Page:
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Scooting to school

Caitlynn Wyeth and her mum Casey Viles on their way to school. PHOTO/EMILY IRELAND


School children and their parents are getting into gear for this year’s Movin’March – a region-wide campaign to encourage active travel to and from school, which has a month-long focus until March 29.

Greater Wellington Regional Council developed the campaign, which is supported by Wairarapa Road Safety Council.

Projects Coordinator for Wairarapa Road Safety Council Holly Hullena said Wairarapa was really unique, “geographically speaking”.

“We have schools based in our urban areas, but many of our schools are set rurally.

“It is therefore important to rally all our schools to talk about not just walking to and from school, but have a focus on how to be safe walking, cycling, scooting and skating during our recreational times and when we visit areas that are different to our everyday surroundings.”

Caitlynn Wyeth, 6, is a pupil at Masterton Primary School.

She is taking the opportunity to scooter to school this Movin’March.

Her mother Casey Viles said they only live “down the road”, but that it was a good initiative to create awareness for kids and drivers about safe school travel.

A friend of theirs biked to the school all the way from Lansdowne last week, she said.

Sometimes it’s just not possible to walk or bike to school because there are no footpaths or families live too far away, Holly said.

But learning walking and cycling skills for life are important.

“It’s great for students to learn how to bike and have awareness around traffic to keep themselves safe when they do visit towns or cities or for later in life.

“We are all pedestrians at some time – sometimes it’s just about getting safely from the car park to the school.”


Rural active travel & bus tips

Often there aren’t footpaths in rural areas but if there is a berm you can walk more safely by keeping on the ‘house side’ of the berm and walking towards oncoming traffic.  Holding hands with parents/older responsible person can help.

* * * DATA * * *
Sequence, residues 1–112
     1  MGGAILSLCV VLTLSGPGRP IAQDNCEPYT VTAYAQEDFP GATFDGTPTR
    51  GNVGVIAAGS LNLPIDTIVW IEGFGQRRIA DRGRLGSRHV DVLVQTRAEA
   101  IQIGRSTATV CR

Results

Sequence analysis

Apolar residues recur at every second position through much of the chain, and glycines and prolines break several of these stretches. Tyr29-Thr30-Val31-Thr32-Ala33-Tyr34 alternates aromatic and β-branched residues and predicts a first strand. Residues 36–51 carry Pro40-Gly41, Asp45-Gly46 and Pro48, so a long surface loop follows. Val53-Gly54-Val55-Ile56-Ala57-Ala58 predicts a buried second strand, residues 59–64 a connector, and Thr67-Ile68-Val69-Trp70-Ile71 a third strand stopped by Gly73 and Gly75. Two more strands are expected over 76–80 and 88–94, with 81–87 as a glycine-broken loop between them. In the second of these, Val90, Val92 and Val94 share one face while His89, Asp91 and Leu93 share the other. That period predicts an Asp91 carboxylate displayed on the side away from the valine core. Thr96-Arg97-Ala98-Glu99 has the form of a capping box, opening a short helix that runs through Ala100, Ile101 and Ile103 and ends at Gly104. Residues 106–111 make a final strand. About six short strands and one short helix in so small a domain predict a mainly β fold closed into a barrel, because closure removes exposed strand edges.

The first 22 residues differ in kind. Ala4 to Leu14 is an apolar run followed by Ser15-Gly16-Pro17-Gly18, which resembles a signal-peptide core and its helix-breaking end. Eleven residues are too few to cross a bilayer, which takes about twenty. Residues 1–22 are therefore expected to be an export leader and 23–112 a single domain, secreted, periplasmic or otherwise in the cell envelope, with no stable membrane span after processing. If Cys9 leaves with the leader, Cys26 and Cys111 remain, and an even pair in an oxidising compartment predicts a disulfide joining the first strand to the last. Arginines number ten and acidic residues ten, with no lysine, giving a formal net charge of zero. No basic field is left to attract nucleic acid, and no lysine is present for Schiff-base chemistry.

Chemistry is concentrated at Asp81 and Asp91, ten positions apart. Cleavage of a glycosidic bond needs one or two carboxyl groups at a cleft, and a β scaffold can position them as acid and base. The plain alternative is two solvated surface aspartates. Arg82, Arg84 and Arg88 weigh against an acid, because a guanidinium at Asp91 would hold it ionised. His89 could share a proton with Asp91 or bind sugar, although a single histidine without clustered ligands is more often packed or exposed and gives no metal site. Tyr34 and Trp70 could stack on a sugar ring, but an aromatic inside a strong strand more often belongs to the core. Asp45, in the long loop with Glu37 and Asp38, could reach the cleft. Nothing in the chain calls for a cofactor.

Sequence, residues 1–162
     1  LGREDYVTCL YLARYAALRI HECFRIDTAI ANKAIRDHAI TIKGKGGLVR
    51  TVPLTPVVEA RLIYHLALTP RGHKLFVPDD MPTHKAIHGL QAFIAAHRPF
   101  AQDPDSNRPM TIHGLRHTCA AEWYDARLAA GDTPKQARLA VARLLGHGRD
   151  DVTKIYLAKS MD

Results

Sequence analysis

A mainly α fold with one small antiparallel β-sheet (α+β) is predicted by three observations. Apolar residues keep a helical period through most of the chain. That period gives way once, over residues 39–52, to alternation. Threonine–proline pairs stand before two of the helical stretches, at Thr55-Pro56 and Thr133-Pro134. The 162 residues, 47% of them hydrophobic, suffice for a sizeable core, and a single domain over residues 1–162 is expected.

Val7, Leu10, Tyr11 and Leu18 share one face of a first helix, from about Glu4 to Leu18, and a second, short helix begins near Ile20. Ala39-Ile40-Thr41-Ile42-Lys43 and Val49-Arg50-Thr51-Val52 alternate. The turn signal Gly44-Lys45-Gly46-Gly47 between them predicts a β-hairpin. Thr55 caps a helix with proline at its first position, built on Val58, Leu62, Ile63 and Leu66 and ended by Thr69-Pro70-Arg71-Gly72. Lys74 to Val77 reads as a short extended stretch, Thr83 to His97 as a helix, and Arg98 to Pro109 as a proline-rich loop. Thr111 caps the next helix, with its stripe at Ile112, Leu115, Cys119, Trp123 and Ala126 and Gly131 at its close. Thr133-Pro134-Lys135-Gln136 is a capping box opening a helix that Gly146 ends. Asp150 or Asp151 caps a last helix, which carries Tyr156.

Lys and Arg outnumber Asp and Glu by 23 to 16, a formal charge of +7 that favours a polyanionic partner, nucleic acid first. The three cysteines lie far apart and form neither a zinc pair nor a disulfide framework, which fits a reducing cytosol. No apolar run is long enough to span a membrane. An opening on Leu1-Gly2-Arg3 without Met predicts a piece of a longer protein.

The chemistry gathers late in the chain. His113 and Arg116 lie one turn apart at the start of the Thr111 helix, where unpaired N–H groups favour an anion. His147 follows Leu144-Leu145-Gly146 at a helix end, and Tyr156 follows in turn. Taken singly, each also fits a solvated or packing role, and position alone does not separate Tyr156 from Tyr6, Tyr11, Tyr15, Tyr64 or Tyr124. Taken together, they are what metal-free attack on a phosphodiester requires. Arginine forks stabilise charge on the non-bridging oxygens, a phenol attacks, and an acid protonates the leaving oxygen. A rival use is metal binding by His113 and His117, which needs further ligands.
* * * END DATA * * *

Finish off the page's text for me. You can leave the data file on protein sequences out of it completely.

Walk on berms with the shortest person in front and tallest person at the back so everyone can see the traffic and drivers can see you.  It also lets the oldest person look out for younger ones.

Remembering to look in both directions (even when turning left) onto a main road from your driveway or side road is important in case cars are overtaking.

Often in rural areas you can hear the traffic before you see it.

SCOs/Local police can help support these road safety skills and teach students the kerb drill – then the students can show parents and older siblings how it’s done!  They might want to teach them about sneaky driveways as well.

Sometimes you might have to do the ‘kerb drill’ to cross the road before walking around a corner, when there is no footpath.

Let us know what you are up to: email photos to Holly: [email protected]

Emily Ireland
Emily Ireland
Emily Ireland is Wairarapa’s Local Democracy Reporter, a Public Interest Journalism role funded through NZ On Air. Emily has worked at the Wairarapa Times-Age for seven years and has a keen interest in council decision-making and transparency.

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